The central gimmick of Costume Quest is that wearing a costume gives you that costume’s powers. If you dress up as a robot, you can glide around on wheels; if you dress up as the Statue of Liberty, you can use a torch to light your way. It’s pure childhood wish fulfillment, and the perfect material for a fun, irreverent children’s movie — think something like Coraline or Paranorman, and you’ll get the idea.
In spring 2012, a talented young New York City chef named Hwangbum Yang, 26, was headed uptown after a typically long shift at The Modern — a trendy restaurant tucked away in a Manhattan art museum. A Sunday school teacher and son of immigrant parents, Yang dreamed of one day returning to Korea after making a name for himself as a premier chef in the big city.
That night, however, his dream of making his parents proud was abruptly cut short. About two blocks away from his apartment in the Riverdale section of the Bronx, a twenty-something in a grey hoodie stopped in front of Yang and fired a single shot straight into his chest. According to an eyewitness, the thief then kicked over Yang’s body, quickly rummaged through his pockets, and took his iPhone. A wallet full of cash was left behind.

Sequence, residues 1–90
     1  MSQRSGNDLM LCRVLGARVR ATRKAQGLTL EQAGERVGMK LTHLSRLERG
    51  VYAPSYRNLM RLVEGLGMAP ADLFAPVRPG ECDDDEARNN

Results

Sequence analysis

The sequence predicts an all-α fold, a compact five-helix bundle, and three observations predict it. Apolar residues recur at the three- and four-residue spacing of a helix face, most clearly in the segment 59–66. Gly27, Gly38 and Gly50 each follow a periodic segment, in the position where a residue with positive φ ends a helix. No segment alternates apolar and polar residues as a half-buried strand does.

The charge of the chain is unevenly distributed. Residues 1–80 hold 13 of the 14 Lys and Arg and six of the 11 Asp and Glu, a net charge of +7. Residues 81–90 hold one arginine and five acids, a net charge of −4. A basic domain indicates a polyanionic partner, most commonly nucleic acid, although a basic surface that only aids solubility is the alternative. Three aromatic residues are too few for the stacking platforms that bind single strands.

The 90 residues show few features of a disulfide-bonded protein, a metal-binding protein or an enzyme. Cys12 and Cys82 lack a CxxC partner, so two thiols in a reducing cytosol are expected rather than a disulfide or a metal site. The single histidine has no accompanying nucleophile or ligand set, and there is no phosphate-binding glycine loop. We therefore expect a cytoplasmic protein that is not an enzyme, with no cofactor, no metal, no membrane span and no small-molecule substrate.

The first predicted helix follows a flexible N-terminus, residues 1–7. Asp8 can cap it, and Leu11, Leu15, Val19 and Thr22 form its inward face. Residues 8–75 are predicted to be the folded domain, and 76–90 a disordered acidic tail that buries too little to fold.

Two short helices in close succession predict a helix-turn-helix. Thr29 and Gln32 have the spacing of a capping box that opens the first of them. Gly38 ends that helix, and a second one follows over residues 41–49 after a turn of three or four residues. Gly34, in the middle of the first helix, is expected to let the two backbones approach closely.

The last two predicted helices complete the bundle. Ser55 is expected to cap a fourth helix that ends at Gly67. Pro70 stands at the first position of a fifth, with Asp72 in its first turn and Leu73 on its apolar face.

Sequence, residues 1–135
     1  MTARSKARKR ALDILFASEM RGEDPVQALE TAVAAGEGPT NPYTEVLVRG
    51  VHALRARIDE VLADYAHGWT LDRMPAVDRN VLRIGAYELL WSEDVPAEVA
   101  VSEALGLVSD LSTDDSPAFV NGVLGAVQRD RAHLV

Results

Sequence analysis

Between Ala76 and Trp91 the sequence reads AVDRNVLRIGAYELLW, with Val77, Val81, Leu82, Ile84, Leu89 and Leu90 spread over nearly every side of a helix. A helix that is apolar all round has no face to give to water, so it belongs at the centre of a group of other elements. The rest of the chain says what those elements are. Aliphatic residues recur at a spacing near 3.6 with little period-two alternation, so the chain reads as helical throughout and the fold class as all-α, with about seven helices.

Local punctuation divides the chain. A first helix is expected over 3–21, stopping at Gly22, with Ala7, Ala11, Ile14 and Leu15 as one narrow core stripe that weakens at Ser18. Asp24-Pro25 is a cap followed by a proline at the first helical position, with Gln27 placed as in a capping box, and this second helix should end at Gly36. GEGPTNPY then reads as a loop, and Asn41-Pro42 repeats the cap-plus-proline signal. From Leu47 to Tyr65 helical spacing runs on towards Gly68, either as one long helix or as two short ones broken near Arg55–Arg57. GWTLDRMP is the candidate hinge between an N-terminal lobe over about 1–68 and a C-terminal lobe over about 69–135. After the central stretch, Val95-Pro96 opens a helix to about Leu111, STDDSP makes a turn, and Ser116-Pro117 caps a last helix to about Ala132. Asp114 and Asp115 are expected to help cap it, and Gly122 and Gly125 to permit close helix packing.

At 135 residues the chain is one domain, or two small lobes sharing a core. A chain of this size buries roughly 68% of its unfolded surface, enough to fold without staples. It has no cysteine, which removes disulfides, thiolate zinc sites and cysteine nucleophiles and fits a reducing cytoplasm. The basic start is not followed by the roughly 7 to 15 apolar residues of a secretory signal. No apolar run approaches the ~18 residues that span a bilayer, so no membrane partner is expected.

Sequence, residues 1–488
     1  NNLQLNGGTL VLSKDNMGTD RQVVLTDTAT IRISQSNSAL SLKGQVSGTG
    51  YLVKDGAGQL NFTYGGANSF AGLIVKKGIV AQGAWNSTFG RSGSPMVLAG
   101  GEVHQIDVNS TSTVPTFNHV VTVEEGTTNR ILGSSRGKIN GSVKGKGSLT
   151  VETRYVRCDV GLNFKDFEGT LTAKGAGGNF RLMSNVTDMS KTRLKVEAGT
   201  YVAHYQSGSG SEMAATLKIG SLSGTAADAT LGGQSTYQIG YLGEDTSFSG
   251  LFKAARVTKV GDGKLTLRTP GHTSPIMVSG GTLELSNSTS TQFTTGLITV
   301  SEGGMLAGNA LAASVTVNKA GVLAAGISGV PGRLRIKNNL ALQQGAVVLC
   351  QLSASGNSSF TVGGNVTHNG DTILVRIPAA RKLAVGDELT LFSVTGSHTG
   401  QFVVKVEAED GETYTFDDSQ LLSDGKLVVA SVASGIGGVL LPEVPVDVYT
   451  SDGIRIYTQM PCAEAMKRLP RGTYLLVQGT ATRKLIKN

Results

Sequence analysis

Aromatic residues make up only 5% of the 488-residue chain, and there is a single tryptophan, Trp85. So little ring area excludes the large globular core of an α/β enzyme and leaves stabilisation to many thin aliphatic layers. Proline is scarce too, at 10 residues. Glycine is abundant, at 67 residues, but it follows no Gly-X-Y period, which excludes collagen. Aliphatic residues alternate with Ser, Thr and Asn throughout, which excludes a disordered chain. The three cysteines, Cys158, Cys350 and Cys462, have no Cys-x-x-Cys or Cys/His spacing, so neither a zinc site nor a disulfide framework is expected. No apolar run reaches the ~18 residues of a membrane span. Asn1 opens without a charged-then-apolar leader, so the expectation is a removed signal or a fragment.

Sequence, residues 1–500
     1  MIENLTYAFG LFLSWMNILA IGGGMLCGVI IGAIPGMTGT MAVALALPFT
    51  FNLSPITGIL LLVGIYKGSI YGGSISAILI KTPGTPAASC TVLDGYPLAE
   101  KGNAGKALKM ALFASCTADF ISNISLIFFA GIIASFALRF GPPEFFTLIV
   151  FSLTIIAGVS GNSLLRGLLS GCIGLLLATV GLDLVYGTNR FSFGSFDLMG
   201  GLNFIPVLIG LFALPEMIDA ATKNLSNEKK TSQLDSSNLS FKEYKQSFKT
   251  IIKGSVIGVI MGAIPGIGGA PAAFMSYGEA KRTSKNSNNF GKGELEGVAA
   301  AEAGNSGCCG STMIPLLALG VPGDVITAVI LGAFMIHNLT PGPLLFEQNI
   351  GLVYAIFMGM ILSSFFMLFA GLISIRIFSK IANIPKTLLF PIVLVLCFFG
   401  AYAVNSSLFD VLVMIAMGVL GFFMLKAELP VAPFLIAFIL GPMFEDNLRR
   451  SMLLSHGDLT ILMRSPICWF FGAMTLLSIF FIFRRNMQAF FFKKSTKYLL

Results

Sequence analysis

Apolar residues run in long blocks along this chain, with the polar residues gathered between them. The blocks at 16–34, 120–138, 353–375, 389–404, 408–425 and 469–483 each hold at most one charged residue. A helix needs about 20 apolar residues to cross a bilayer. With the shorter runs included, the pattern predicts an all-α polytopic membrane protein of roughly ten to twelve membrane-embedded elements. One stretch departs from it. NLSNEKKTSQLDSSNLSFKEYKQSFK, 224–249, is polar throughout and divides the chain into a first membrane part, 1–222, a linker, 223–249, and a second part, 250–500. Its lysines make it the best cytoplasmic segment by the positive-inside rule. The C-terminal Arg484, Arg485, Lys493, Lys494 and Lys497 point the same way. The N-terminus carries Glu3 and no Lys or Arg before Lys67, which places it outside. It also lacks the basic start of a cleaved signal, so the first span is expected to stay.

Police later found the budding chef’s phone on Craigslist. The asking price? $400.
In case you weren’t around when a noisy chorus of iPhone fans made Twitter explode Wednesday night, you’ll be pleased to hear that Google Maps is now available for Apple’s iOS. Critics agree: It’s better than ever.